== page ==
Hiking In The Outer BanksThe miles of wild terrain along the Outer Banks serves as an ideal locale for adventurous hikers, and vacationers who adore a good nature walk will find plenty of off-the-beaten paths to discover, from the national refuges and reserves to the small but well-manicured trails. On the Outer Banks, hikers can simply choose their own adventure, and enjoy miles of gorgeous sunsets and undisturbed coastal environments along the way. As one of the most unpopulated coastal destinations along the East Coast, the Outer Banks offers miles of grounds to explore.

Hit the Trail: Hiking the Outer Banks of North Carolina

The Outer Banks isn’t just about the sun, sand and surf. It’s also about beautiful, untouched wild places. And while it’s a great place to catch a wave, it’s also the perfect place to strap on your hiking boots and hit the trail.

Outdoor enthusiasts are delighted to discover that our barrier islands are rich in maritime forests, ecological preserves and coastal ecosystems that offer unique hiking opportunities for anyone looking to disappear into nature for a while.

When you are ready to hit the trail – instead of the beach – here is our top five picks when in comes to Outer Banks’ trailheads. Listed from north to south, you won’t want to miss these. Each offer unique terrains, fauna and wildlife that make the Outer Banks such a diverse and beautiful environment.

See you out on the trail!

Currituck Banks Reserve, Corolla

Parking for both the boardwalk and trail is located three-quarters of a mile north of Corolla on N.C. 12. Access is located at a sharp right-hand turn in the road. The boardwalk trail is an easy .6-mile hike round trip. The 1.5-mile primitive trail departs from the boardwalk and heads north through a maritime forest. Both trails take hikers to the Currituck Sound, and past habitats that include grasslands, shrub thicket, maritime forest, brackish and freshwater marshes, tidal flats and sub-tidal soft bottoms. The northern portion of the reserve is accessible only by four-wheel drive. N.C. Highway 12, north of Corolla Village • 252.261.8891

Kitty Hawk Woods Preserve

This 1,824-acre preserve is one of North Carolina’s largest tracts of deciduous swamp, forest and marshland, which features a variety of fauna and wildflowers as well as a diverse wildlife population. A two-mile loop trail begins at the parking area located at the north end of The Woods Road at the David Paul Pruitt Playground, but there are numerous primitive trails throughout the preserve. The reserve also includes seven rare plant varieties, including the coastal goldenrod American featherfoil, wooly beach heather, southern twayblade and hop hornbeam. Hikers can also access the interior of the woods at the end of Eckner Street, Amadas Road, and Birch Lane. Boaters can access High Bridge Creek from the public boat ramp on Bob Perry Road. The Woods Road, Kitty Hawk, NC • 252.261.889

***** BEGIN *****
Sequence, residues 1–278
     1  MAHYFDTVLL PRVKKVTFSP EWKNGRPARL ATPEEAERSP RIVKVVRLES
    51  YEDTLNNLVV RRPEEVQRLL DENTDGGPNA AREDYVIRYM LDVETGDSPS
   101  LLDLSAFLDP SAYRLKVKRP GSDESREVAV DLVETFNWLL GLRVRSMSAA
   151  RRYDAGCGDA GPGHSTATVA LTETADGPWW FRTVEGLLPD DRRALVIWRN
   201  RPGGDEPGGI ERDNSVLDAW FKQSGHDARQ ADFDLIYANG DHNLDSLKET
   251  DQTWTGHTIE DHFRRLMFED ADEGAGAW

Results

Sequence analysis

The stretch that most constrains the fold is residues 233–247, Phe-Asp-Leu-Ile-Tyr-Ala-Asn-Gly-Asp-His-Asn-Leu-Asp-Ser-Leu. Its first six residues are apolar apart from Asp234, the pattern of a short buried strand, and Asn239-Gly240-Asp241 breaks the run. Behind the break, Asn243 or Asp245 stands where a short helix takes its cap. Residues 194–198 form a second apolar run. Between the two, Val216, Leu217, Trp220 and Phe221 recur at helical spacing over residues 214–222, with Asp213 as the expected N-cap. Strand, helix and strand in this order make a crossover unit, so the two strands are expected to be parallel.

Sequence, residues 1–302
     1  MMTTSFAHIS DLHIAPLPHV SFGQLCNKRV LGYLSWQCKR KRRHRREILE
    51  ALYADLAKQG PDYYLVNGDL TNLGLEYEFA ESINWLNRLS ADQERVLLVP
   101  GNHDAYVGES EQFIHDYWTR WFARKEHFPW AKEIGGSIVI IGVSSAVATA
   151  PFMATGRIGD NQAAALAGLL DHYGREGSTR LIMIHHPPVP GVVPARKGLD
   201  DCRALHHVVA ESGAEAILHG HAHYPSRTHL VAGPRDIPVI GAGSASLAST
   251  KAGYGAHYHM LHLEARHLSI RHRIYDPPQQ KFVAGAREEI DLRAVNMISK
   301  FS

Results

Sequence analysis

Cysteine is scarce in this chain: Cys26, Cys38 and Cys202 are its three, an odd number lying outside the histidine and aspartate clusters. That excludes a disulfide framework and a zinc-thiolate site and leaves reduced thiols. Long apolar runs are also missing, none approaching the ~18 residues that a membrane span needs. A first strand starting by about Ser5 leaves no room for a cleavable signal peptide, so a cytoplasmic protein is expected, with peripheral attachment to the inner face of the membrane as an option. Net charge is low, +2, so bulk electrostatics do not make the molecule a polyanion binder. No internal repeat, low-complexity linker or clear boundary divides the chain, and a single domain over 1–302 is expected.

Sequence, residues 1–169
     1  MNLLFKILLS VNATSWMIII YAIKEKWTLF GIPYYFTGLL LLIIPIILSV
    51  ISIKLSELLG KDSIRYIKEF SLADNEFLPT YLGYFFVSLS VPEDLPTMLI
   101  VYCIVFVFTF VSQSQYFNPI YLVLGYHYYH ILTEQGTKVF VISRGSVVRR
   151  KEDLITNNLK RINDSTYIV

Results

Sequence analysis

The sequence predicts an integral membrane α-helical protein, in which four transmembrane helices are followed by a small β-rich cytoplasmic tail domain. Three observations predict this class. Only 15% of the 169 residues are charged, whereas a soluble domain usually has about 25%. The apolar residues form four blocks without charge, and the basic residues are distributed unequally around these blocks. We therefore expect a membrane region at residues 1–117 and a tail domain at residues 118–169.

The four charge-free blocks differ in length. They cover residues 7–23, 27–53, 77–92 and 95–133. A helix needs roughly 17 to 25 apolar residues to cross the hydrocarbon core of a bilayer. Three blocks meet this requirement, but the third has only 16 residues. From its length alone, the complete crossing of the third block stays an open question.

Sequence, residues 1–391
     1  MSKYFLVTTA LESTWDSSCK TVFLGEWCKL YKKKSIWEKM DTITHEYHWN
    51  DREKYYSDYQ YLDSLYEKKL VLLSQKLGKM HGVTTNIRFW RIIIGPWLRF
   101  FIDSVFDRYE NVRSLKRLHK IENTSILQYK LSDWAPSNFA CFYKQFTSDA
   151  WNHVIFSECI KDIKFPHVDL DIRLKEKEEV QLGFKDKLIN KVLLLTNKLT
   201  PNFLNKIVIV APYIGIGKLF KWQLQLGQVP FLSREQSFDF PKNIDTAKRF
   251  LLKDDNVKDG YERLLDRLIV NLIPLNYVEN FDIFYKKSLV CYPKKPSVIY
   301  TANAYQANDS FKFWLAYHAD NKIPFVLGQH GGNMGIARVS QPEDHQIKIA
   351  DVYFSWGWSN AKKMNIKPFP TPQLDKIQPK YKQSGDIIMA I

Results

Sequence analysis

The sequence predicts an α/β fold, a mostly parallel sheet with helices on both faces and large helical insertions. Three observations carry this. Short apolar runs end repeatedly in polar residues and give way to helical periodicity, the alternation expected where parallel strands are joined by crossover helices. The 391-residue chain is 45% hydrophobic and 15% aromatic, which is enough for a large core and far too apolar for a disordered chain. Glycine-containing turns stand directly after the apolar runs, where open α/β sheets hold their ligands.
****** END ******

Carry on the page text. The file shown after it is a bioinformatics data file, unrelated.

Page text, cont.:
Nags Head Woods Ecological Preserve

Nags Head Woods, which includes more than 1,400 acres owned by The Nature Conservancy, offers a unique and diverse ecosystem that features more than five miles of trails that take hikers through maritime forests full of beech trees, hickories, oaks and pines as well as ponds, wooded dunes, and marshlands. Hikers can choose from short, easier hikes like the Center Trail to more challenging ones such as the Sweet Gum and Blueberry Ridge trails. There’s also a .5-mile ADA accessible loop trail. Parking is located at the end of Ocean Acres Drive at milepost 9 in Kill Devil Hills. Also part of the preserve is the Nags Head Town Trail, an out-and-back trail that leads to the Roanoke Sound. Parking for the trail is at the end of Barnes Street in Nags Head. MP 9.5 • W. Ocean Acres Drive, off the Bypass, Kill Devil Hills • Phone: 252.441.2525

Buxton Woods Coastal Reserve

This 1,007-acre reserve is reachable via N.C. 12 at its intersection with Old Doctor’s Road or Water Association Road.  Four-wheel drives can access the reserve from Old Doctor’s Road, whereas two-wheel drive vehicles can park at the end of Water Association Road. Hikers will enjoy several trails in the reserve. The Buxton Woods Trail, which begins from the Buxton Woods Picnic Area, is a three-quarter mile loop that takes hikers through a diverse maritime forest as well as some of the highest points on Hatteras Island. The Open Ponds Trail, a nine-mile round trip route, runs between the British Cemetery near the picnic area and Frisco Campground. The Woods is home to more than 360 species of birds including the peregrine falcon and bald eagle. Two rare butterflies can also be found in Buxton Woods – the Northern Hairstreak and the Giant Swallowtail. Trails here link with the Cape Hatteras National Seashore. Old Doctor’s Road, Flowers Ridge Road or Water Association Road (all off N.C. Highway 12), Buxton, NC • 252.261.8891

Hammock Hills Nature Trail, Ocracoke

The Hammock Hills Nature Trail is an .8-mile trail located at the entrance of Ocracoke Campground and leads hikers past dunes, scrub thickets, maritime forest and salt marsh. At the halfway point, a raised platform offers hikers views of the Pamlico Sound. Kiosks along the way provide information about wildlife and fauna.

More Outer Banks hiking… 

Pine Island Audubon Sanctuary

N.C. Hwy. 12, north of Duck • 252.453.0603

Alligator River National Wildlife Refuge

Milltail Rd, East Lake, NC 27953 • 252.473.1131

Thomas Hariot Nature Trail/Freedom Trail

Fort Raleigh National Historic Site • 252.473.5772

Bodie Island Lighthouse Grounds

N.C. Highway 12, south of Nags Head • 252.441.5711

Jockey’s Ridge State Park

MP 12, Bypass at Carolista Drive, Nags Head, NC • 252.441.713

Pea Island National Wildlife Refuge

N.C. Highway 12, northern Hatteras Island • 252.987.2394

If you’re looking to hike out of the area, check out this  bootbomb.com blog on The Top 50 Long Distance Hiking Trails In The USA.